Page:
HAH! They're learning how to spend their money wisely. Not only do we no longer have to support the ISS, we also get to take credit for the first ruskies on Mars AND we get a good laugh at Russia's expense.

    • Don't joke about that.

      The original Gundam involved an incident where a space colony was dropped on Australia and wiped out Sydney. :( Now that we have an original Gundam unit sitting in tokyo....

  • by powerlord (28156) on Tuesday July 14, 2009 @01:10PM (#28693111) Journal

    Skylab parts fell on Esperance in 1979, but the space agency's refusal to pay $400 has resulted in an entertaining annual grudge.

    Just wait till they DeOrbit ISS in 2016. I think I know where the "miscalculated" orbit might end up.

    I expect the headline "Small New Zealand town vaporized as a result of Kilometer-Mile error made computing the ISS re-entry trajectory."

    • de-orbit != re-entry

      I expect the headline "ISS sets course for the Moon."
      • Re: (Score:3, Informative)

        by ctetc007 (875050)
        Boosting it out of Earth orbit is much more expensive than doing a retro-burn to allow it to fall back to Earth. Do leave orbit, you have to give it enough energy to reach escape velocity. To have it fall back to Earth, just a "small" nudge to slow down and come back down.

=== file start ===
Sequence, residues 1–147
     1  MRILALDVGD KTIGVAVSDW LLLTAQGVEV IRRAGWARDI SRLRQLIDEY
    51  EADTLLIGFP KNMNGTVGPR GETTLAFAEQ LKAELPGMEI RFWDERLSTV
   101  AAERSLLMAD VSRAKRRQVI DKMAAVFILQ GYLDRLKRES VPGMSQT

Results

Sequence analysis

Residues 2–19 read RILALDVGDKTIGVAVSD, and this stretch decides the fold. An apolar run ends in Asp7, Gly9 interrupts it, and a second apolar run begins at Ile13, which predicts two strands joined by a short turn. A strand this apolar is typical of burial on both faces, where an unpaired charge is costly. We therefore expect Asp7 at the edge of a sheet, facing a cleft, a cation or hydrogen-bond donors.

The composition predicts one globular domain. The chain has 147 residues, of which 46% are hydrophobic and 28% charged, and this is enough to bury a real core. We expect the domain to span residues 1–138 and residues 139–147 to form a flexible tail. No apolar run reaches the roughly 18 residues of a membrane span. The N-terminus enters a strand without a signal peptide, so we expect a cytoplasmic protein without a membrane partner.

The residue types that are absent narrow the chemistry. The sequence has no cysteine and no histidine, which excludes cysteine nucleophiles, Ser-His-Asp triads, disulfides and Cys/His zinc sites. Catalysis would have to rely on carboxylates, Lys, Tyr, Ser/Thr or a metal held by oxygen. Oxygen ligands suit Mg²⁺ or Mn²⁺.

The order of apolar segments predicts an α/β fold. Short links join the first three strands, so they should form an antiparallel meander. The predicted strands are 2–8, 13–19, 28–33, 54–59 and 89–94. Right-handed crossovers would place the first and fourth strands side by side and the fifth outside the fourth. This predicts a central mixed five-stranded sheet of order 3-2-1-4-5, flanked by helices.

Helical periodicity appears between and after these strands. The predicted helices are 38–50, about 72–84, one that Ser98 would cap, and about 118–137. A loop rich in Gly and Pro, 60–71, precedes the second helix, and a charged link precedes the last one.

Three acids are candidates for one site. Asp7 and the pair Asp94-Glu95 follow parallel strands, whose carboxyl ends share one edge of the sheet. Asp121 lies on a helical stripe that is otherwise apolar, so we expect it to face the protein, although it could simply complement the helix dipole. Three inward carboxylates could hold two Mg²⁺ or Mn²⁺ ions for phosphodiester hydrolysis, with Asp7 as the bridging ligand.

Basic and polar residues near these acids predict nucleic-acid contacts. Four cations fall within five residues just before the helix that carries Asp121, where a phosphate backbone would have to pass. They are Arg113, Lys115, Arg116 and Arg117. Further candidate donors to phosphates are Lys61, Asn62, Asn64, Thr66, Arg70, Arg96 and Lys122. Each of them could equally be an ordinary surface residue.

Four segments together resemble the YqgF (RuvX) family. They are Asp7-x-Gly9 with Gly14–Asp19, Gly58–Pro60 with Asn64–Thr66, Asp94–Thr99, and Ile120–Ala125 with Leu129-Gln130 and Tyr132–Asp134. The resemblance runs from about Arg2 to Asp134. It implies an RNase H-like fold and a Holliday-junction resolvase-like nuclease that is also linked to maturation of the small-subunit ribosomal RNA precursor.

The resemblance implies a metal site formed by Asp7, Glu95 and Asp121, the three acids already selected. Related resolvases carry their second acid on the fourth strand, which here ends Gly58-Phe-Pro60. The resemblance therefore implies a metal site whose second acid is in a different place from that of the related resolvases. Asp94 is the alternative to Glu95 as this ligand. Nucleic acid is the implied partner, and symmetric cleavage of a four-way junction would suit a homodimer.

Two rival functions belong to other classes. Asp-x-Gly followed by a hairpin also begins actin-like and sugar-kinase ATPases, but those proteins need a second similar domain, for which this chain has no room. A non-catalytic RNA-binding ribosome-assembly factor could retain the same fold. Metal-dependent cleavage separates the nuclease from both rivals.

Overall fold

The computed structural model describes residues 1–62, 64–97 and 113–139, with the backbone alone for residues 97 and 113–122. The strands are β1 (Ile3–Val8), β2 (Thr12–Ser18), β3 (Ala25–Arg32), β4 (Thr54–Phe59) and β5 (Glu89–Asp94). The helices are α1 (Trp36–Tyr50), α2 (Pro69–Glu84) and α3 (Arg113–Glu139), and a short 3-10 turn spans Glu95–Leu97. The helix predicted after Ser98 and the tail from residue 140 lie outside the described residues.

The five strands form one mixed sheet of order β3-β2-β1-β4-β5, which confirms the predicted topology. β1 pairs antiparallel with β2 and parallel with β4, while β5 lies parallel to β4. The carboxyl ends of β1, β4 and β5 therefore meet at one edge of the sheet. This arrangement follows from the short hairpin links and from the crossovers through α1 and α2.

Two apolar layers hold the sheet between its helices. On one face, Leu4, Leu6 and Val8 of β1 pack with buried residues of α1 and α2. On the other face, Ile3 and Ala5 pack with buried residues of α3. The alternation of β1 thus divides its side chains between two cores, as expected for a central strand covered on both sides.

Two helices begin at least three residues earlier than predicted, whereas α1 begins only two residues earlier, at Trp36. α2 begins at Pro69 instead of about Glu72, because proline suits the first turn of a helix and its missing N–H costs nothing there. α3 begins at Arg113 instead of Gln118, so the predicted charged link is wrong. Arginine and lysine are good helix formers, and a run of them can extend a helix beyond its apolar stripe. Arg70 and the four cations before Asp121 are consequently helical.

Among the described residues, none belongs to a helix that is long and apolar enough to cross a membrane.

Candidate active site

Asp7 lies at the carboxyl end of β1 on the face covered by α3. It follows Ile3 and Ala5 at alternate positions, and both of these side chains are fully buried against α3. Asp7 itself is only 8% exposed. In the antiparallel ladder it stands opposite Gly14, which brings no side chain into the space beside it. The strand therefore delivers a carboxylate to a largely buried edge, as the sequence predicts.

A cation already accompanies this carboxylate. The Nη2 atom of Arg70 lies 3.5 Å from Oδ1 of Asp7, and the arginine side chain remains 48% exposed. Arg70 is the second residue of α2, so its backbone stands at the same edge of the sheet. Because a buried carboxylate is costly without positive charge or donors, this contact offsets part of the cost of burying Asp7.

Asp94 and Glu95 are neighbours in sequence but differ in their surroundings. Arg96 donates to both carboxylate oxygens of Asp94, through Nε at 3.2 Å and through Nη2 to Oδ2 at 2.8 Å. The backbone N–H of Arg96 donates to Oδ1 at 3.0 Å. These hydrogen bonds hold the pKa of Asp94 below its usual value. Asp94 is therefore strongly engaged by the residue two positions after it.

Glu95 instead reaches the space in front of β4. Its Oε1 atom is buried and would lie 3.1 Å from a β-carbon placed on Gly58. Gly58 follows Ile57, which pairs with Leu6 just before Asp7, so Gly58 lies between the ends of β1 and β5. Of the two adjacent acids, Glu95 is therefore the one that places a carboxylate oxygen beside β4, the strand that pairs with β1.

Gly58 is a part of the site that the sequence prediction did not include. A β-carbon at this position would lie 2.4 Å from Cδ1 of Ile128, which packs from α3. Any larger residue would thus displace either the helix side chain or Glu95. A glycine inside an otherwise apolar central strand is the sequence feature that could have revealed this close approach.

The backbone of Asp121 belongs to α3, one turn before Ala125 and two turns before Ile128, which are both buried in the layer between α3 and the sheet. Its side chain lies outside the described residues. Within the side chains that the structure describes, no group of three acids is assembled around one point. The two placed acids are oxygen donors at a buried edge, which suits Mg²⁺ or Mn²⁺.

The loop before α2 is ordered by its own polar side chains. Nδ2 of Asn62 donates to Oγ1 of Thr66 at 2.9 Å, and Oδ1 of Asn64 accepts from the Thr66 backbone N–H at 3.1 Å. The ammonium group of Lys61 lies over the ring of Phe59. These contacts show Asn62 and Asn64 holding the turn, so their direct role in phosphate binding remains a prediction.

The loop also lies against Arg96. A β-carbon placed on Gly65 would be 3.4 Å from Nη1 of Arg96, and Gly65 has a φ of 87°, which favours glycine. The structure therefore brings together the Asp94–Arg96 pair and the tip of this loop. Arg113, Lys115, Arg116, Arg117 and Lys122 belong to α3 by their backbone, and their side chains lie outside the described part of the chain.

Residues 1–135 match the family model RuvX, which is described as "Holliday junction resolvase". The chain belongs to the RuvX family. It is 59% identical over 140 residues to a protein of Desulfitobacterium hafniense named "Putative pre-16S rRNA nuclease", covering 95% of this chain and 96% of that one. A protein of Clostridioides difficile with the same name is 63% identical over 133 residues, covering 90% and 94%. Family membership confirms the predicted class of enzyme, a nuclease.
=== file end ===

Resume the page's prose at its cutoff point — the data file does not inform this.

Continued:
• Sure. But they said de-orbit not re-enter. So no.
          • by woodchip (611770)
            re-enter is a subset of de-orbit. So most probably yes.
          • de-orbit - v.: to remove from orbit

            If the ISS is somehow hurled out into space, is it still in orbit? No.

            If the ISS is allowed to let Earth's gravity do its thing, is it still in orbit? No.

            Now tell me, which do you think is cheaper & easier: to shuttle a bunch of fuel out to the ISS, then use that fuel to rocket that thing out of orbit in such a way that it flies off into space? Or to use what fuel it already has onboard to send the ISS, one module at a time, into controlled re-entry?

            Please feel fre

            • by Xtifr (1323)

              Shh! You're going to blow his chance to try to look smart by showing off half-baked knowledge misinterpreted from something he heard in passing, probably on a third-rate Skiffy B-movie (possibly on the Skiffy, er, Sci-Fi, er, SyFy Channel). How can he lord it over his equally ignorant peers when they come to visit his mom's basement if you're going to bring up something as irrelevant as facts!?

              Although one could argue that objects on the surface of the Earth still move in a more-or-less elliptical path ar

              • Chance? I didn't write the article that chose not to use the word re-ent[ry|er]. I simply commented on the author's choice of the word de-orbit. I guess that you being my peer... sorry, SORRY equally ignorant peer... were too stupid to pick up on that.
                • by Xtifr (1323)